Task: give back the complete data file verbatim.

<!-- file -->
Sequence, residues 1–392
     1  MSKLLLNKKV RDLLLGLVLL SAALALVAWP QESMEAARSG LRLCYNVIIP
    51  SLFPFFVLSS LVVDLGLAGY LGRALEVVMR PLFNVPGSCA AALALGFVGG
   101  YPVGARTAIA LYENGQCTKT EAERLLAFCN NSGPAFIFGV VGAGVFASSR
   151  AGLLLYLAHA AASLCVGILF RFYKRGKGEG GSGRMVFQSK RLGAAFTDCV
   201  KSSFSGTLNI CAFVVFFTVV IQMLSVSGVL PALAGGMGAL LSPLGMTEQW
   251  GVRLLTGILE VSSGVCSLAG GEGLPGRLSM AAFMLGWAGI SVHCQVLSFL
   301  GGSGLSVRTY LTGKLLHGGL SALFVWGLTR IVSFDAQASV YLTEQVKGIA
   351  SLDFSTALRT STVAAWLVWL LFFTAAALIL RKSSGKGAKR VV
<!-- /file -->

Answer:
Sequence, residues 1–392
     1  MSKLLLNKKV RDLLLGLVLL SAALALVAWP QESMEAARSG LRLCYNVIIP
    51  SLFPFFVLSS LVVDLGLAGY LGRALEVVMR PLFNVPGSCA AALALGFVGG
   101  YPVGARTAIA LYENGQCTKT EAERLLAFCN NSGPAFIFGV VGAGVFASSR
   151  AGLLLYLAHA AASLCVGILF RFYKRGKGEG GSGRMVFQSK RLGAAFTDCV
   201  KSSFSGTLNI CAFVVFFTVV IQMLSVSGVL PALAGGMGAL LSPLGMTEQW
   251  GVRLLTGILE VSSGVCSLAG GEGLPGRLSM AAFMLGWAGI SVHCQVLSFL
   301  GGSGLSVRTY LTGKLLHGGL SALFVWGLTR IVSFDAQASV YLTEQVKGIA
   351  SLDFSTALRT STVAAWLVWL LFFTAAALIL RKSSGKGAKR VV